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radioactivity | Definition, Types, Applications, & Facts | Britannica

Radioactivity, property exhibited by certain types of matter of emitting energy ... Radioactive decay is a property of several naturally occurring elements as ... The alpha particle is actually the nucleus of a helium-4 atom, with two positive charges 4/2He. ... reactions: beta-plus decay, or positron emission, and electron capture. Swetha
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Nuclear reactions

When a neutron is converted into a proton, the process is known as beta decay.

converting the original nuclide into a nuclide isobar

The Beta decay general equation: _Z^AX\ \ \rightarrow_{\ \ \ Z-1}^{\ \ A}Y\ +e^++\ \overline{v}\ +Q

Electron capture equation: e^{+} + ^{A}_{Z} X \rightarrow ^{A}_{Z-1} Y + v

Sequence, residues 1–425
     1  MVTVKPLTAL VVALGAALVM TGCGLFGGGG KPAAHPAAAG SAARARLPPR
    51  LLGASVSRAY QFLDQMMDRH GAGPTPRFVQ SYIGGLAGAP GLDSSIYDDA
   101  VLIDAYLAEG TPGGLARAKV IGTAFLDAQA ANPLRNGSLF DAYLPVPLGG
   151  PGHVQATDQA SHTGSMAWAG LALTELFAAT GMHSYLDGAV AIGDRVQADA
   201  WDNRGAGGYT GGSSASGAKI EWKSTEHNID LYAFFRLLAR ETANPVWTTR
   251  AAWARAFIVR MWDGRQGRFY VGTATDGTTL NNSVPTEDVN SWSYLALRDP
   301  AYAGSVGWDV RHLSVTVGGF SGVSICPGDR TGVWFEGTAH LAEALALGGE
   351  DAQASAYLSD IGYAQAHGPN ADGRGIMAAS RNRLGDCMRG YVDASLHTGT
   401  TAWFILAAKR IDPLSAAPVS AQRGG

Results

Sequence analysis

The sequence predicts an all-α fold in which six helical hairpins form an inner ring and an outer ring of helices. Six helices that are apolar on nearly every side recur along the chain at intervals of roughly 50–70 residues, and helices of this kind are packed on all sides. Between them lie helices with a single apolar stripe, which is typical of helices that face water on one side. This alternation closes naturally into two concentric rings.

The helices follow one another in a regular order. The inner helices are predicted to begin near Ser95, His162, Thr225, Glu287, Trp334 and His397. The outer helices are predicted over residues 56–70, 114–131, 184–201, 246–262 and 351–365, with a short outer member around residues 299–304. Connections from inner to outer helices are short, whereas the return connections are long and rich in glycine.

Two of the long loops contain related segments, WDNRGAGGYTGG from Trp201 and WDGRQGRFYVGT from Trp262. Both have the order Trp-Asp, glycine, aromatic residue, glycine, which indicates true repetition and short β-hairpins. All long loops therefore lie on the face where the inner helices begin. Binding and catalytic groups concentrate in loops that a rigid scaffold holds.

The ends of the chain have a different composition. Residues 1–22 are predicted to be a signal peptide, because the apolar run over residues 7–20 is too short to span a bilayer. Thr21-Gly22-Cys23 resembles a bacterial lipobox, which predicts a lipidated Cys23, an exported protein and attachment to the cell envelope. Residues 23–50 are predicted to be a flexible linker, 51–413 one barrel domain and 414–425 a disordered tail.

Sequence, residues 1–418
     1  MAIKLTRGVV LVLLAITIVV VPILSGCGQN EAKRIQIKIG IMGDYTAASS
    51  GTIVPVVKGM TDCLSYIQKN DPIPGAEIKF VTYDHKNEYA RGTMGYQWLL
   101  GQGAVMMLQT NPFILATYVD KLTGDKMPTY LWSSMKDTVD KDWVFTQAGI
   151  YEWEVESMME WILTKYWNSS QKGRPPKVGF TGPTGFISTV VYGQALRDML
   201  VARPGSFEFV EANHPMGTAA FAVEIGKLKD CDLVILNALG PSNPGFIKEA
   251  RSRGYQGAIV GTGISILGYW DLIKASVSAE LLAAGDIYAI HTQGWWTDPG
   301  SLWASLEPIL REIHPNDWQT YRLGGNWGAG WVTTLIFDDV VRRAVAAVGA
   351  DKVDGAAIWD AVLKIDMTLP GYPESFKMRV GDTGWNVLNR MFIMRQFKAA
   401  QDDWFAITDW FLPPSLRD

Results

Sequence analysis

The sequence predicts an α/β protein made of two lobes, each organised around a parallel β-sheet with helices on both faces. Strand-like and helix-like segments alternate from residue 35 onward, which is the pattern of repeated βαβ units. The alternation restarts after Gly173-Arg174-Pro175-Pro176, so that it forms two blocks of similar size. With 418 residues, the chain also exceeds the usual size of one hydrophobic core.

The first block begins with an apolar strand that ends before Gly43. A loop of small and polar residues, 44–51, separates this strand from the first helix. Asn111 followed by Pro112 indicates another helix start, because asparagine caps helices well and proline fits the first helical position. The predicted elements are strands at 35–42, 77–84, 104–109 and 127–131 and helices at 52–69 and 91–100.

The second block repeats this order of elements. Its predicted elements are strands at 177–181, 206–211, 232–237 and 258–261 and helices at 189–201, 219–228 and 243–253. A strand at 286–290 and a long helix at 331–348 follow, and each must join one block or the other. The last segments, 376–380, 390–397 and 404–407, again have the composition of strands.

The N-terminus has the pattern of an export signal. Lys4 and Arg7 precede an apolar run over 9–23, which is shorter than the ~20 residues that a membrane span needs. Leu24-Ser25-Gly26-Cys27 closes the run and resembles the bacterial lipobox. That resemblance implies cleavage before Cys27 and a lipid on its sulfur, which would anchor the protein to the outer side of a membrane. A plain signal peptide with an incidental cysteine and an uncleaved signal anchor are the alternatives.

Step 1:  Finding the energy released in beta decay( \beta^{+} emission) reaction

Energy released (or Q -value )   Q_1 = \text{ nuclear mass of } ^{A}_{Z} X - \text{nuclear mass of } ^{A}_{Z-1} Y - m_e

When calculating Q-values in a beta decay, convert nuclear mass to atomic mass.

To get the Q value in terms of atomic masses, subtract Z m_{e} from the atomic mass of ^{A}_{Z} X  and (Z - 1)m_e from the atomic mass of ^{A}_{Z-1} Y .

$Q_1 = [\text{ Atomic mass of } ^{A}_{Z} X - Zm_e - [\text{ Atomic mass of } ^{A}_{Z-1} Y - (Z-1)m_e] - m_e]c^2$

$Q_1 = [\text{ Atomic mass of } ^{A}_{Z} X - \text{Atomic mass of } ^{A}_{Z-1} Y -Zm_e +Zm_e-m_e - m_e] c^2$

$Q_1=\left[\text{ m}\ \left(_Z^AX\right)-m\left(_{Z-1}^A\ Y\right)-2m_e\right]c^2$

Step 2: Finding the energy released in electron capture reaction

Energy released $Q_2 = [M (^{A}_{Z} X) + m_e - M (^{A}_{Z-1} Y)]c^2$

converting nuclear mass to atomic mass.

$Q_2 = [m (^{A}_{Z} X) + m_e - Zm_e - m (^{A}_{Z-1} Y) + (Z - 1)m_e]c^2$

$Q_2 = [m (^{A}_{Z} X) + m_e - m_e - m (^{A}_{Z-1} Y)]c^2$

$Q_2 = [m (^{A}_{Z} X) - m (^{A}_{Z-1} Y)]c^2$

Thus, it can be concluded that Q_1 > 0 and Q_2 > 0 but Q_2 > 0 this does not suggest Q_1 > 0

This means that if \beta^{+} emission is energetically allowable, the electron capture process is also allowable, but not vice versa. This is due to the fact that for an energetically allowable nuclear reaction, the Q-value must be positive.